Traveler, lover, playwright, spy —
’s improbable careers could have filled a few
novels. The 17th century author of “The Rover” is cited most often as the first woman who earned her living writing in English. But in Liz Duffy Adams’ mischievous “Or,” now in its local premiere with Caffeine Theatre under Catherine Weidner’s cunning direction, Behn takes on attributes of a character in a very Behn-like comedy.
In 70 minutes, Adams unspools a tale that melds feminist literary criticism with bodice-ripping bedroom farce and political intrigue, while playing fast-and-loose with Behn’s biography. The show opens in the debtors’ prison where Megan Kohl’s Behn cools her heels for unpaid bills accrued while spying for the recently-restored Charles II (true). She then turns into a semi-kept woman under the protection of the amorous king (fiction), feverishly trying to finish a play that will make her name and grant her financial independence.
Now that the no-fun-allowed Puritans are out of power, theater is hot again — and so is Nell Gwynne (Kay Kron), the saucy actress whose attributes attract both Behn and the king (Edward Karch). The arrival of Behn’s presumed-dead comrade in espionage, William Scot (Karch again) sets off a series of door-slamming conspiracies and counteractions.
In essence, it’s like
crossed with Georges Feydeau, but Adams brings her own distinct contemporary spin, and the inside-theater meta-jokes she sprinkles throughout don’t weigh down the spun-sugar-girded-with-steel construction of the tale. And unlike many farces, this one doesn’t depend upon the audience assuming that the characters are stump stupid.
The play does begin with a perhaps slightly-overstated prologue that reminds us of the “dense array of seeming opposites” (“actress or whore”) that women in particular must labor under. But the Aphra Behn we meet here is neither a humorless virago nor a moon-eyed bohemian. “I never knew how to stop loving. I only knew how to keep it from stopping me,” she observes with keen self-awareness — and by the way Behn dashes to her desk in the middle of life-and-death action to get just a few more lines on paper, we believe her.
Kohl brings warm-hearted intelligence and just a tinge of sadness to her pioneering playwright, and Kron (who plays three characters in addition to Gwynne) and Karch zig and zag between their multiple bewigged roles with comic elan. Stephen H. Carmody’s shoebox set proves surprisingly sturdy for all the abuse it takes, and Alarie Hammock’s costumes provide hints of anachronistic fun (the white patent platform boots worn by Kron’s overbearing theater owner, Lady Davenant, are a particularly nice touch). Caffeine’s witty and tensile production does great honor to both Behn and to Adams, whose work deserves more airings on Chicago stages.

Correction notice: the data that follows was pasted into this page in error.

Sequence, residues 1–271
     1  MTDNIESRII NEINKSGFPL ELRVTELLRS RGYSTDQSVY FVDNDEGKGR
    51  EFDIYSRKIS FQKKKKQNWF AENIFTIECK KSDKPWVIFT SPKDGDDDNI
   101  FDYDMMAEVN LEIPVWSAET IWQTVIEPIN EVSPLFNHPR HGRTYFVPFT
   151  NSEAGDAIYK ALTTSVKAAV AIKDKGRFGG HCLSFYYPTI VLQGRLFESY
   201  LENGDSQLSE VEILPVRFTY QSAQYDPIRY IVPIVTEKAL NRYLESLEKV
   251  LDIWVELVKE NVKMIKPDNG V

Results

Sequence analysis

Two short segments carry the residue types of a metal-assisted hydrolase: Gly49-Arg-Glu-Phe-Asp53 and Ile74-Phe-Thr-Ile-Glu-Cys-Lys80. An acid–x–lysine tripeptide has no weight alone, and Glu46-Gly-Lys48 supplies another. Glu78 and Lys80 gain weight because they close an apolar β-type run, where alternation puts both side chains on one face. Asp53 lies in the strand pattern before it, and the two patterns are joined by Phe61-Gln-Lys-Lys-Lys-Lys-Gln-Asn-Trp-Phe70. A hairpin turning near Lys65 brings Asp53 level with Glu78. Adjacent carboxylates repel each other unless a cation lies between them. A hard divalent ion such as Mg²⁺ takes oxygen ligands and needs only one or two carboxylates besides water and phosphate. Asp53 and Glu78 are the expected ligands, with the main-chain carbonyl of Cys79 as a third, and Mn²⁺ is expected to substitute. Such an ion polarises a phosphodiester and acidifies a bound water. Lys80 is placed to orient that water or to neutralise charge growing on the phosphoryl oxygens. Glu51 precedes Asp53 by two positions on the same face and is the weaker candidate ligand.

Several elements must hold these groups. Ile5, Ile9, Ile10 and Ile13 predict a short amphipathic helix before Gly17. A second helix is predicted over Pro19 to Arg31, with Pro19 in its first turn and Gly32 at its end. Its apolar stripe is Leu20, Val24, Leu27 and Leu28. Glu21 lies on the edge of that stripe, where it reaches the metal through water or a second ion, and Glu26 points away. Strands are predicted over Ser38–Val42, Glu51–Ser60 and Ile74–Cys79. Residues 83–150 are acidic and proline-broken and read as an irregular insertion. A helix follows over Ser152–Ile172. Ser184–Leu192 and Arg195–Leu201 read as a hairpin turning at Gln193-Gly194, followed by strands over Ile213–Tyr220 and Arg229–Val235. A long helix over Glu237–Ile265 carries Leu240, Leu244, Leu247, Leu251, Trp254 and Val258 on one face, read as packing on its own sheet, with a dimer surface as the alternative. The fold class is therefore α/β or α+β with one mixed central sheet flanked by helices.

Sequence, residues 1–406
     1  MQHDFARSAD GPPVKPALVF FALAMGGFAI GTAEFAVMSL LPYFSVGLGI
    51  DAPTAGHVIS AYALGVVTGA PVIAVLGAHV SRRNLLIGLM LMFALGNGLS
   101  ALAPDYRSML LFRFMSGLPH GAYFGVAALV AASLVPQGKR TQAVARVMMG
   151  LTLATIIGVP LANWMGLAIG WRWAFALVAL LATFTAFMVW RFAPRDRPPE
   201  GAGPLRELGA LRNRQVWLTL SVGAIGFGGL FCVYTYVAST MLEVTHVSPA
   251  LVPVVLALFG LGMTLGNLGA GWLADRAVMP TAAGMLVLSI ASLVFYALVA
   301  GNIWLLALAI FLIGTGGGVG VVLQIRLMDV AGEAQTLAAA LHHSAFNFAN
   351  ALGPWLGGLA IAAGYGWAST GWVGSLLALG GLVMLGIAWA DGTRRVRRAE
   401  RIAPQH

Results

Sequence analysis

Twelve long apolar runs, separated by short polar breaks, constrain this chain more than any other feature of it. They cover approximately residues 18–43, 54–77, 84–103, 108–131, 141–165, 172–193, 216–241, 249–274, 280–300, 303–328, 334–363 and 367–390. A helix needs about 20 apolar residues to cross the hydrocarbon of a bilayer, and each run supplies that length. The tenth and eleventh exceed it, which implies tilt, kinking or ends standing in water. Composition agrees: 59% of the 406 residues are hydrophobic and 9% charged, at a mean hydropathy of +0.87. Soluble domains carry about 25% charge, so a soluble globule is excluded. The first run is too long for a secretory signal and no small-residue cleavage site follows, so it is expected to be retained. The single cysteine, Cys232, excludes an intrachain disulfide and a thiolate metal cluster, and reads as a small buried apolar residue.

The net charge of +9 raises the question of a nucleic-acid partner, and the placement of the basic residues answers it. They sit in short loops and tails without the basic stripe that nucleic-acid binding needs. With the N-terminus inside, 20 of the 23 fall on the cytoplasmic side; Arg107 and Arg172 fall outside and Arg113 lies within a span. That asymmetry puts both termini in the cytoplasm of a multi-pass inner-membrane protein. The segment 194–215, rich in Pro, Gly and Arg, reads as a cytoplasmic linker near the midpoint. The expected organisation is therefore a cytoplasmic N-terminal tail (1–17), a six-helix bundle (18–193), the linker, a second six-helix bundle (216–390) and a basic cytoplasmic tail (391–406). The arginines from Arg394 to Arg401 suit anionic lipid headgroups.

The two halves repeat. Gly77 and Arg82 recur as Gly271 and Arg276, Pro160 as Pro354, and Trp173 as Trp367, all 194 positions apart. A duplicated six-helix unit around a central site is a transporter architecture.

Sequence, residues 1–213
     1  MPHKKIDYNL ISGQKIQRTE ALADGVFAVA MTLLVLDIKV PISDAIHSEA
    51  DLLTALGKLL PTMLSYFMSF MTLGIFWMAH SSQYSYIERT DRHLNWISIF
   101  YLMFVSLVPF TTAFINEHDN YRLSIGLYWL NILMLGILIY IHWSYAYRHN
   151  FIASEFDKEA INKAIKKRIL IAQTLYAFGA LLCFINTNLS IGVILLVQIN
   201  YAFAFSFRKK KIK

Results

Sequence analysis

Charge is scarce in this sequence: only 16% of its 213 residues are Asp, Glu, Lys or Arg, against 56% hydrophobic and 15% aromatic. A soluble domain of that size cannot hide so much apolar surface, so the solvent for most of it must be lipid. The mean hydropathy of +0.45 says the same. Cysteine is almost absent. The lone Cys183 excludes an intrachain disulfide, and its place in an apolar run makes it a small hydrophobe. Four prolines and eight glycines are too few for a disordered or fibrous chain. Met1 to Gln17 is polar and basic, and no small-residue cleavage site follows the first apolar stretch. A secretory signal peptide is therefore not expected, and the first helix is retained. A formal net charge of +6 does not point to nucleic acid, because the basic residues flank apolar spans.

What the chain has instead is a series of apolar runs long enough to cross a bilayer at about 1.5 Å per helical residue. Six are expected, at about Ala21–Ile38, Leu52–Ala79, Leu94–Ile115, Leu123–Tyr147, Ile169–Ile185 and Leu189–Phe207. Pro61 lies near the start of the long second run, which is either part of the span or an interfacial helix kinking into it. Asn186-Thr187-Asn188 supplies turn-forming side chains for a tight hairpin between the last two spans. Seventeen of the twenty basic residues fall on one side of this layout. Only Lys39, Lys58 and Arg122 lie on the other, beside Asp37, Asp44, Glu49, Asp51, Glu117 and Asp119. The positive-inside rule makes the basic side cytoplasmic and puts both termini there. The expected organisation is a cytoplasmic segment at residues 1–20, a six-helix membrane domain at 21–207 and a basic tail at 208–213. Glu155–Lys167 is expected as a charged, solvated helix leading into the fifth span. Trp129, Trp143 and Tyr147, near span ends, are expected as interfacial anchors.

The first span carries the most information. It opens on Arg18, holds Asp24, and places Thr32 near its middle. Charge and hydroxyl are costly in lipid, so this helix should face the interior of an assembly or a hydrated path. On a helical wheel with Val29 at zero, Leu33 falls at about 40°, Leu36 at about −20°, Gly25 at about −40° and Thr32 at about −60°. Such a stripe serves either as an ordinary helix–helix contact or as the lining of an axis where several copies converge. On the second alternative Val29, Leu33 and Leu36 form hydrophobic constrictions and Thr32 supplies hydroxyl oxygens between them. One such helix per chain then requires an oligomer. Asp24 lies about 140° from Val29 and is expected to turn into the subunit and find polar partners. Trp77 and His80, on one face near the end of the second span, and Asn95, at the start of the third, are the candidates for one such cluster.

Through Dec. 4 at Collaboraction Theatre,
"Sizzle: A Global Warming Comedy"
It’s more fizzle than sizzle in New Suit Theatre Company’s latest, fashioned from a fairly obscure 2008
I’ve not seen the doc in question, but the points raised by Sara Gmitter and Jason Burkett’s adaptation — namely, scientists don’t know how to talk to regular folks about climate change in a way that connects with them personally —seem fair enough. Unfortunately, neither the script nor Aaron Henrickson’s clunky staging give us much breathing room. Korri Givens does some admirably understated work as Tyra, the sensible assistant to producer Mitch (played by Michael Reyes).
But Nowak stays in annoying-nerd mode, and it’s hard to imagine how he managed to score face time with any of the scientists we meet here. Very recently, the “Climategate” allegations that scientists fudged research to support the notion of human-caused global warming were debunked by no less than global-warming skeptic Richard Muller (who was funded in part by the equally skeptical billionaire Koch brothers). “Sizzle” wastes time with the kind of let’s-give-everyone-a-voice nonsense that contributes not only to the warming of the planet, but the dumbing down of critical debates.
Through Nov. 13 at Raven Theatre, 6157 N. Clark St.; $20 at 773-977-8487 or newsuittheatre.com